One of the coolest, but least hyped, announcements that accompanied Windows 10 was Continuum, a piece of software that gives a smartphone the ability to transform into a Windows 10 PC when connected to a monitor.
By creating an operating system that runs across three device groups — phones (Windows 10 Mobile), tablets (Windows 10 with Bing), and PCs (Windows 10) — Microsoft’s Continuum allows a similar experience for the user both visually (i.e. Windows always looks the same) and functionally as universal apps, such as Outlook, work across all three devices.
Due to the hardware requirements of creating a full desktop experience, manufacturers are only just starting to bring Continuum-compatible devices to market. Acer is leading the charge with the Jade Primo, a 5.5-inch device that the company is unofficially calling a “PC Phone.” The Jade Primo comes with a docking station, wireless mouse and keyboard.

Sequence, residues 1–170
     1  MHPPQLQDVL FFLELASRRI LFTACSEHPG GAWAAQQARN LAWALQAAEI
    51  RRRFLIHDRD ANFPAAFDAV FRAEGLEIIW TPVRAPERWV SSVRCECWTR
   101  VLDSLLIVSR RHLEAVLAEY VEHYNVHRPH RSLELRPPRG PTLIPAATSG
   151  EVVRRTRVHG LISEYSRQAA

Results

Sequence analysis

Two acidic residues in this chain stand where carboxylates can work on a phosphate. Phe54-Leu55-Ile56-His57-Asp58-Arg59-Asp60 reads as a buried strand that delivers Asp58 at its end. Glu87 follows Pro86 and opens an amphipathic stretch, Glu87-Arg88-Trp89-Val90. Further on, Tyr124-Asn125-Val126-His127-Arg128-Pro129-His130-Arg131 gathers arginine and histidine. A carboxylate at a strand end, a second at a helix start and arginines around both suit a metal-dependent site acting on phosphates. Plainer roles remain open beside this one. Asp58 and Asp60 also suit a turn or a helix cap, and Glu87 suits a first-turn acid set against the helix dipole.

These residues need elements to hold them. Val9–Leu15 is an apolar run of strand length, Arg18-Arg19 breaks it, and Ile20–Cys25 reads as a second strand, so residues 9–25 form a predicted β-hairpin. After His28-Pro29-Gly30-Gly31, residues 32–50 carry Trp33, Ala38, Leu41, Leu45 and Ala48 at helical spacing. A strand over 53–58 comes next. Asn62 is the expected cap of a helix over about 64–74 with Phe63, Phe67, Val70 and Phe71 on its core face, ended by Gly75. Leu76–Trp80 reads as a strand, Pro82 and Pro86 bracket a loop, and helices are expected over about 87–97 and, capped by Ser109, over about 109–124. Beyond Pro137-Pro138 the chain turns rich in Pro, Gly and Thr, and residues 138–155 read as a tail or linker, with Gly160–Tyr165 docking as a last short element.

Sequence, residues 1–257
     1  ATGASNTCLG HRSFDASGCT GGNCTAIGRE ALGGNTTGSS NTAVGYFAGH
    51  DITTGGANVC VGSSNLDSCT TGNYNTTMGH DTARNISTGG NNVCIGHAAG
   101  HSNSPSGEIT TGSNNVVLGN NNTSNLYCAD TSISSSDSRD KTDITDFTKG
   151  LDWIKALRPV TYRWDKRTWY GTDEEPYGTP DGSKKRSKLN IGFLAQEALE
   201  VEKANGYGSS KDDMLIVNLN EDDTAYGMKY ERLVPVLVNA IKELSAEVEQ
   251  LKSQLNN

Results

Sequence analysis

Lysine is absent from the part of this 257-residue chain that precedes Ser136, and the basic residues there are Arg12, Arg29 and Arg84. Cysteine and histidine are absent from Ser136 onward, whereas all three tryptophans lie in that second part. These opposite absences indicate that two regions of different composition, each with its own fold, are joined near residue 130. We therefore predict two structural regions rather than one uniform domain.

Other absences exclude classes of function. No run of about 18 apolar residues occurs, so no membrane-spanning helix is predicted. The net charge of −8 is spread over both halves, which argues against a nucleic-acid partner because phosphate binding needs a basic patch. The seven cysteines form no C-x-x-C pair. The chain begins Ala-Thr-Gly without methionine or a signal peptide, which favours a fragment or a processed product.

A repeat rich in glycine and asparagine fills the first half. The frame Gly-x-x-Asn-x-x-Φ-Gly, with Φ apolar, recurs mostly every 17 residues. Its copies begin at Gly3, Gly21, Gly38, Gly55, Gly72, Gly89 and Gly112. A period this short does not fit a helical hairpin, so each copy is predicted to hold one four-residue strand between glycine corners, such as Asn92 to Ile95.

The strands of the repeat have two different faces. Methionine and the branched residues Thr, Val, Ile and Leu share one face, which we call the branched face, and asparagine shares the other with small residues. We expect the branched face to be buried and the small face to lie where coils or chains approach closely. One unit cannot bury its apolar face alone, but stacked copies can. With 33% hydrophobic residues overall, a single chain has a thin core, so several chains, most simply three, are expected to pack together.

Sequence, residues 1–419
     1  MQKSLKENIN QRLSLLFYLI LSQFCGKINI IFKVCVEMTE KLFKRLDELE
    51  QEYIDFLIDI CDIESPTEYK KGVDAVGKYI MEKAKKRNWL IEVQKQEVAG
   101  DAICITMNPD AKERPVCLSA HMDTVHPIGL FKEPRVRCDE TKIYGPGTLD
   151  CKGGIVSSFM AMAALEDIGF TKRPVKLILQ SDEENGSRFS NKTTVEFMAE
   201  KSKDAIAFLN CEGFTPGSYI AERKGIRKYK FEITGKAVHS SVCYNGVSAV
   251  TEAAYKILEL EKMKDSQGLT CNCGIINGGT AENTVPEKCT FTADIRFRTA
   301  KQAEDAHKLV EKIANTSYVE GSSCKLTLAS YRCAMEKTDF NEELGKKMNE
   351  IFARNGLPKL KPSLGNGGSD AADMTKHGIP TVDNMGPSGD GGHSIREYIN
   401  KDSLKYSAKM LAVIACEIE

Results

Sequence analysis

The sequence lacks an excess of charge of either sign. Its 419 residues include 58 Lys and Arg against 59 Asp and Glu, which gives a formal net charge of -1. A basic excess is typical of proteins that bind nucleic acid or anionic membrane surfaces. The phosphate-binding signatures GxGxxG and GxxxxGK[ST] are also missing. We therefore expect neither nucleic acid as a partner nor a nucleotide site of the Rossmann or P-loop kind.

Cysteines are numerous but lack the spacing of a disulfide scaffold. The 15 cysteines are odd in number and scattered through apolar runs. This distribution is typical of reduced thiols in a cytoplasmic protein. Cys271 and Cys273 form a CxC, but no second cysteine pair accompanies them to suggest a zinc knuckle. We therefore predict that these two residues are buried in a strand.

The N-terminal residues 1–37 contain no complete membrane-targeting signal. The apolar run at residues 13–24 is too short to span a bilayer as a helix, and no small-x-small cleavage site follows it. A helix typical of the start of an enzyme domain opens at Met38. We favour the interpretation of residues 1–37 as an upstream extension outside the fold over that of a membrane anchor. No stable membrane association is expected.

Later on in October, Microsoft is expected to announce the Lumia 950 and 950XL, devices that will have the hardware to support Continuum and will, the company hopes, inspire other manufactures into seeing the benefit of creating one device that can serve as three.
Continuum represents a shift in strategy from Microsoft as the company tries to innovate faster than its rivals, Google and Apple. While Windows Phone, now called Windows 10 Mobile, has traditionally been weak when compared to iOS and Android, creating a single operating system that includes Windows 10 on desktop could put the company ahead, as users discover that they no longer need a PC.
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